Recording with USB turntables or USB cassette decks
Audacity is often included with USB turntables, USB cassette decks or USB audio interfaces, and is suitable for recording from any USB audio device using the instructions on this page.
USB audio devices connect to the computer's USB port and are used to transfer records, or tapes, to digital audio files (from which audio CDs can be burnt). This is very useful if your computer does not have the necessary line-in port for digitizing LPs or cassettes with a conventional turntable or tape deck. USB turntables often include a line input to which standard tape decks or similar sources can be connected for transfer to the computer.
Please see the Audacity Wiki page on USB Turntables for a fuller discussion of the operation of these devices.
Some users with extensive experience of digitizing LPs and tapes believe that connecting a good quality conventional turntable or tape deck to an external USB audio interface is an ideal solution. USB audio interfaces usually do not suffer from the transmission problems of USB turntables or tape decks, and are also free from the random clicky noise that can afflict sound devices built into computer motherboards. Moreover their analog-to-digital converter (ADC) may be superior to that provided with a USB turntable
Ensure the Audacity software is up to date
Make sure you have the current version of Audacity as the software provided on the device manufacturer's CD can be out-of-date. Note that neither the version number of the CD nor that of any guides produced by the manufacturers necessarily relates to the Audacity version number. To check your current version of Audacity, choose Audacity download site and, if needed, download the latest Audacity for your operating system.in the menu (or on Mac). Then go to the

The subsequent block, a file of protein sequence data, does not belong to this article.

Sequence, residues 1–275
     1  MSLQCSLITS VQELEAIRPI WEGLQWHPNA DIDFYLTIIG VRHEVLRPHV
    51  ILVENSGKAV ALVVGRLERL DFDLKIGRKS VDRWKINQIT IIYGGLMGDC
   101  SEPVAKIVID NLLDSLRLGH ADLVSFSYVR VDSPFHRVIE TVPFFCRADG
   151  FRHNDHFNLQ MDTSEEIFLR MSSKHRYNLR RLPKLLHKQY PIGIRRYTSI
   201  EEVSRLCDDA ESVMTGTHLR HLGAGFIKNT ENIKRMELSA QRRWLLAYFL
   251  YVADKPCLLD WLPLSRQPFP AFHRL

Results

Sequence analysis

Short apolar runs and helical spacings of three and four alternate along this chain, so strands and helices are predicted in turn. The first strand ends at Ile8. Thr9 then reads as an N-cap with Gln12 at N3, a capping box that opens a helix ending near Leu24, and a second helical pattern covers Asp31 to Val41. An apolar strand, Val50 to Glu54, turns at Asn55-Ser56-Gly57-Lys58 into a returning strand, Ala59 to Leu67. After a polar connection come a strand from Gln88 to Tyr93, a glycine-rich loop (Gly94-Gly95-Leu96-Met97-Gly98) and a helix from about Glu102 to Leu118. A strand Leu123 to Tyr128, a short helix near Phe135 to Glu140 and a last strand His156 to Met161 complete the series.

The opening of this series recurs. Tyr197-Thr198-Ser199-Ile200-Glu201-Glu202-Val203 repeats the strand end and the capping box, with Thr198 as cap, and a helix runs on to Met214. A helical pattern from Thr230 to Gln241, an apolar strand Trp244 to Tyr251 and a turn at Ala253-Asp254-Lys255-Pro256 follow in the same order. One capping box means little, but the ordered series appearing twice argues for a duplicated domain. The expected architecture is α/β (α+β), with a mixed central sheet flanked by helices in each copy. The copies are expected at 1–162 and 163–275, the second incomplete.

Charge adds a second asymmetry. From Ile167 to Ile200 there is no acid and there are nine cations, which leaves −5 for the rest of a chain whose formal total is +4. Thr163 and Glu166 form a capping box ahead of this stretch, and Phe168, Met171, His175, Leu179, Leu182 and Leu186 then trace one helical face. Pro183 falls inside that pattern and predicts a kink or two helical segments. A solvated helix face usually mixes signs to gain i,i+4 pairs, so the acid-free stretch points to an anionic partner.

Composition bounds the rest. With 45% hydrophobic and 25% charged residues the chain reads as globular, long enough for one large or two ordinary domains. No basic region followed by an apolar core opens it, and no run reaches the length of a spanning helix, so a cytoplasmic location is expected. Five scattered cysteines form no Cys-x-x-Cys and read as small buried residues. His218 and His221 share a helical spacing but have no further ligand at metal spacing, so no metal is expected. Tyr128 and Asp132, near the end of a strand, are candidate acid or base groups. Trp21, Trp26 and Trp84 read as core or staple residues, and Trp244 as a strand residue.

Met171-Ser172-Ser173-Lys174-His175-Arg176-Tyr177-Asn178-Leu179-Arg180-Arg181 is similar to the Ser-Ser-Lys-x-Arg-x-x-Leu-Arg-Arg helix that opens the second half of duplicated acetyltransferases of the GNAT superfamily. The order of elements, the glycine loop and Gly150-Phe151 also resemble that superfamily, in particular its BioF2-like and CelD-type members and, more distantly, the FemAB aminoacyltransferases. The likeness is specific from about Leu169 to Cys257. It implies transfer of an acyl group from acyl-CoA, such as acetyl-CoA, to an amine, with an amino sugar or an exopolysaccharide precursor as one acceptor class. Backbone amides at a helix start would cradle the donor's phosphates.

The guides provided with the devices might be confusing, they are written by the device manufacturer rather than by Audacity. Sometimes the guides supplied with the devices are out-of-date or have errors. Here are some errors that you may come across:
- Many manuals state that you should "select stereo mix for your input". This is not the case, rather you should be setting the USB device as your input.
- Audacity Preferences are not under the menu, as many manuals state. Preferences are under the menu (or under the menu on Mac).
- You do not need to select Recording Meter enabled (note: NOT the Mixer Toolbar that some guides state). Instructions on this are below. each time you launch Audacity, as some manuals urge you to. Monitoring the input is optional and allows you to hear the device through the computer speakers just like an ordinary turntable, or cassette deck, whenever it is playing, without having to record. If you want to select , you need to have the
Set up Audacity to record from the USB audio device
Connect the USB device
- Connect the USB cable of the device to the computer. Connect to an empty USB port on the computer, not to a USB hub (a device that allows multiple USB devices to be connected to one of your computer's USB ports).
- Then launch Audacity.
- If Audacity was already running when you connected the cable, choose or restart Audacity.
- By the system clock, right-click over the select then the tab, and then click on the USB device in the list and click . Click the tab set your required bit rate and sample rate from the Default Format dropdown (normally "2 channel 16-bit 44,100 Hz").
- On the Advanced tab, in the "Default Format" section, make sure the dropdown menu is set to "2 channel 16-bit 44,100 Hz".
- For a more detailed walk-through of the above steps for Windows (or if that does not work for your version of Windows), see Windows: accessing the Windows Sound controls.
- From select "Sound" and click on the Input tab
- Select "USB Audio CODEC" or similar as the input device and verify the Recording Meter shows input.